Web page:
Title

Equal Benefits? An Examination of the Potential Consequences of Later School Start Times for Adolescents and Their Mental Health

Department

Psychological Sciences

Document Type

Article

Publication Source

The Journal of School Health

Publication Date

2021-12-23

Volume

92

Issue

3

First Page

309

Last Page

315

Abstract

Background: Given the documented benefits of later school start times on adolescents' mental health, the aim of the current study was to examine if the association between school start times and depressive symptoms differed across adolescents from families of different socioeconomic status levels.

Methods: Using a cross-sectional design, the current study incorporated an online survey for high school students and their parents across the United States, with average sleep duration measured through a 7-day sleep diary. A total of 193 adolescent (Meanage = 15.7 years old, SD = .94; 54.4% female; 71% white) and parent (Meanage = 47.6 years old, SD = 5.4; 80% female; 79% white) dyads participated. Adolescents reported on depressive symptoms, sleep quality and duration, chronotype, and demographic covariates; parents reported on school start times and socioeconomic status.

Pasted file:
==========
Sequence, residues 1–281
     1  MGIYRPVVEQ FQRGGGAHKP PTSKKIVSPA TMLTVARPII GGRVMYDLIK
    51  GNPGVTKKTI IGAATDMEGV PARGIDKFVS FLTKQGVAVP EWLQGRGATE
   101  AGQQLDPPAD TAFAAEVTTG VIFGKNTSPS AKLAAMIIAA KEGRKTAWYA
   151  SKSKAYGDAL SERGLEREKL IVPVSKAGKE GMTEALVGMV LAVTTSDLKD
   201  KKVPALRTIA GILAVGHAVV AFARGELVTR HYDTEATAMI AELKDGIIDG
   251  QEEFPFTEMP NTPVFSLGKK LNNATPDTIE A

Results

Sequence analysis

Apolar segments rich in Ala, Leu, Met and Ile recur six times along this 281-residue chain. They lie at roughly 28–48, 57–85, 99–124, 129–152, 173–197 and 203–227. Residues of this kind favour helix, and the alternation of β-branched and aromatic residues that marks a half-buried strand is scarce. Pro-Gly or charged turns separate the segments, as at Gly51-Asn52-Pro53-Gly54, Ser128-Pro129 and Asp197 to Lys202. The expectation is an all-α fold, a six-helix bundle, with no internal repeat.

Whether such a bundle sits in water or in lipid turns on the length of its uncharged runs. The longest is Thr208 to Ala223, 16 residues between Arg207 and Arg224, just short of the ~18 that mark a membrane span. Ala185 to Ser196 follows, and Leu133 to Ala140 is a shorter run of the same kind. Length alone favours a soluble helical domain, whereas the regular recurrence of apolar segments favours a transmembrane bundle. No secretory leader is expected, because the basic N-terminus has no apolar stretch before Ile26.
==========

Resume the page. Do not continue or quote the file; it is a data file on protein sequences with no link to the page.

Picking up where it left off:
Results: Results suggested that only in adolescents from higher socioeconomic status families (+1 SD) did the association between later start times and fewer depressive symptoms emerge as significant.

Conclusions: Although more school start times research is needed to understand its impact across diverse groups of students, current findings suggest a disproportionate benefit of reduced depression for youth from families of higher socioeconomic status with having a later start time.

Keywords

adolescence, depressive symptoms, development, health disparities, sleep duration

DOI

10.1111/josh.13127

https://doi.org/10.1111/josh.13127

Share

COinS